|0||1||<tag>||A numeric value uniquely assigned to each item.|
|1||1||<size>||Total size of the item (i.e. <tag><size><data>)|
|2||x||<value>||Value can be a string, raw data, or an integer.|
Integer values are stored in the little endian format. They are written using the smallest size to fit the value and on read, padded with as many zeros as the reader expects.
Here are a list of standard data items. See
ec/include/cros_board_info.h for the latest information. Data sizes can vary project to project. Optional items are not listed but can be added as needed by the project.
|BOARD_VERSION||0||integer||yes||yes||Board version (0, 1, 2, ...)|
|SKU_ID||2||integer||no||yes||ID assigned to each SKU.|
|DRAM_PART_NUM||3||string||no||no||DRAM part name in ascii characters|
|OEM_NAME||4||string||yes||no||OEM name in ascii characters|
|FW_CONFIG||6||integer||no||yes||Bit-field that encodes information that the firmware needs to make decisions on.|
|PCB_SUPPLIER||7||integer||yes||no||ID assigned to each PCB manufacturer (per-board)|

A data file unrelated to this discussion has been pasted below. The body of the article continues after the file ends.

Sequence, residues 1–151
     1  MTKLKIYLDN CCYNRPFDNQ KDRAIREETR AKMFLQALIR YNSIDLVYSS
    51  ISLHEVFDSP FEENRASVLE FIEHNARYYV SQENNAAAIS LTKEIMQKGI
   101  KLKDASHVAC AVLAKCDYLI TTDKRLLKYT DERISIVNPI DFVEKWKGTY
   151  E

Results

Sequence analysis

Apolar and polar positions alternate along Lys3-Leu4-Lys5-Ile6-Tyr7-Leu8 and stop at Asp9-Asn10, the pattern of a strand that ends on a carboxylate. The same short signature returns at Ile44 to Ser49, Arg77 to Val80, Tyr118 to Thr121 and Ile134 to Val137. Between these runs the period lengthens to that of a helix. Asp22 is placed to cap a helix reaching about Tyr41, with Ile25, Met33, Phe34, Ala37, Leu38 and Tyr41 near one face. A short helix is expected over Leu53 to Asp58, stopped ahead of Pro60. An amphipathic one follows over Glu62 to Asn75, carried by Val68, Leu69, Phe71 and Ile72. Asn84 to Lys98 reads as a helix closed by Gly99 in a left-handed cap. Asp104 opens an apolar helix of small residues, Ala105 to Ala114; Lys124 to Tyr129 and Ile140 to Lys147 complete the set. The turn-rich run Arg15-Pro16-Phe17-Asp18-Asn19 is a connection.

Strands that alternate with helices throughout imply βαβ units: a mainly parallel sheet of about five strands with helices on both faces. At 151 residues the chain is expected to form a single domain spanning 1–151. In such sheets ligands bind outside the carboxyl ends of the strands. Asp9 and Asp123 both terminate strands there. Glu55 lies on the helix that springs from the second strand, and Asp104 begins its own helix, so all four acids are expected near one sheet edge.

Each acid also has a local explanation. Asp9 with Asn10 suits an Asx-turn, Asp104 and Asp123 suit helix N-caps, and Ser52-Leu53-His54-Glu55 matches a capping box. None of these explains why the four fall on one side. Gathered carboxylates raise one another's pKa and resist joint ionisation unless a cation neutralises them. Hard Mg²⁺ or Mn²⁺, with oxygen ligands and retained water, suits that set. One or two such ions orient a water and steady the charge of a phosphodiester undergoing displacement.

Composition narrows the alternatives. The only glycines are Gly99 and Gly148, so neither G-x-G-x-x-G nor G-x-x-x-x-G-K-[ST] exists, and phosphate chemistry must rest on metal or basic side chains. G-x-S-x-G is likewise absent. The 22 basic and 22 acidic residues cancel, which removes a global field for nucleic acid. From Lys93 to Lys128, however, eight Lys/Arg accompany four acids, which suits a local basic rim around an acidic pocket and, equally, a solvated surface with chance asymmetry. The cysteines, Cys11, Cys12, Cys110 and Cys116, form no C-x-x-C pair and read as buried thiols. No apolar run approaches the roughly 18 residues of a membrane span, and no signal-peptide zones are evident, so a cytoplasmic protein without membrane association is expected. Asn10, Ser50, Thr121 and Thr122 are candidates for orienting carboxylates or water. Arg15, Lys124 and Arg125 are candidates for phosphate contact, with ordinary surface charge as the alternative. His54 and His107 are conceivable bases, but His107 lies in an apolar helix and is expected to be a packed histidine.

|REWORK_ID||9||integer||no||no||Bit-field that encodes the reworks applied to the device.|
|FACTORY_CALIBRATION_DATA||10||integer||no||no||Bit-field that encodes factory calibration data|
Sticky fields are those which are set before SMT and preflashed to EEPROMs. They're not expected to be changed after boards are manufactured. Non-sticky fields can be changed for example at RMA center if write protect is disabled.
Required fields are expected to exist on all devices.
The number assigned to each hardware version. This field ideally should be synchronously incremented as the project progresses and should not differ among models.
Assignment can be different from project to project but it’s recommended to be a single-byte field (instead of two-byte field where the upper half describes phases (EVT, DVT, PVT) and the lower half describes numeric versions in each phase).
A number assigned to each OEM. Software shared by multiple OEMs can use this field to select a customization common to a particular OEM. For example, it can be used to control LEDs, which tend to follow an OEM's preference.
The number used to describe hardware configuration or hardware features. Assignment varies family to family and usually is shared among all models in the same family.
In the past, some families use it as an index for a SKU table where hardware features are described for SKUs, or it has also been a bitmap where each bit or set of bits represents one hardware feature. For example, it can contain information such as CPU type, form factor, touch panel, camera, keyboard backlight, etc. Top 8 bits can be reserved for OEM specific features to allow OEMs to customize devices independently.